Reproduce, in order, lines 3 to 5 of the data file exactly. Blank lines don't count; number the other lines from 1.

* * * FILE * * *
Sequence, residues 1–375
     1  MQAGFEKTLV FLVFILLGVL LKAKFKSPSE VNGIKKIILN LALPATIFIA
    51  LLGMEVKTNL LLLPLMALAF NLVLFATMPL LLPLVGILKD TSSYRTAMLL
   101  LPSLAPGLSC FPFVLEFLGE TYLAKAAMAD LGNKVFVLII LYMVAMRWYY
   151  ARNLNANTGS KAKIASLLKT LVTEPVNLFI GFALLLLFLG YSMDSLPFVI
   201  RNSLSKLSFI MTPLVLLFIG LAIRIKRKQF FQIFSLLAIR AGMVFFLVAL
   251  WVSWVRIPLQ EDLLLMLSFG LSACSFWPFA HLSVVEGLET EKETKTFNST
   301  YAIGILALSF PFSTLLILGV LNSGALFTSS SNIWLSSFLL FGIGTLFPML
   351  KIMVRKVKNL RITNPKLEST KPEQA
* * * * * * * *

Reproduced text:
    51  LLGMEVKTNL LLLPLMALAF NLVLFATMPL LLPLVGILKD TSSYRTAMLL
   101  LPSLAPGLSC FPFVLEFLGE TYLAKAAMAD LGNKVFVLII LYMVAMRWYY
   151  ARNLNANTGS KAKIASLLKT LVTEPVNLFI GFALLLLFLG YSMDSLPFVI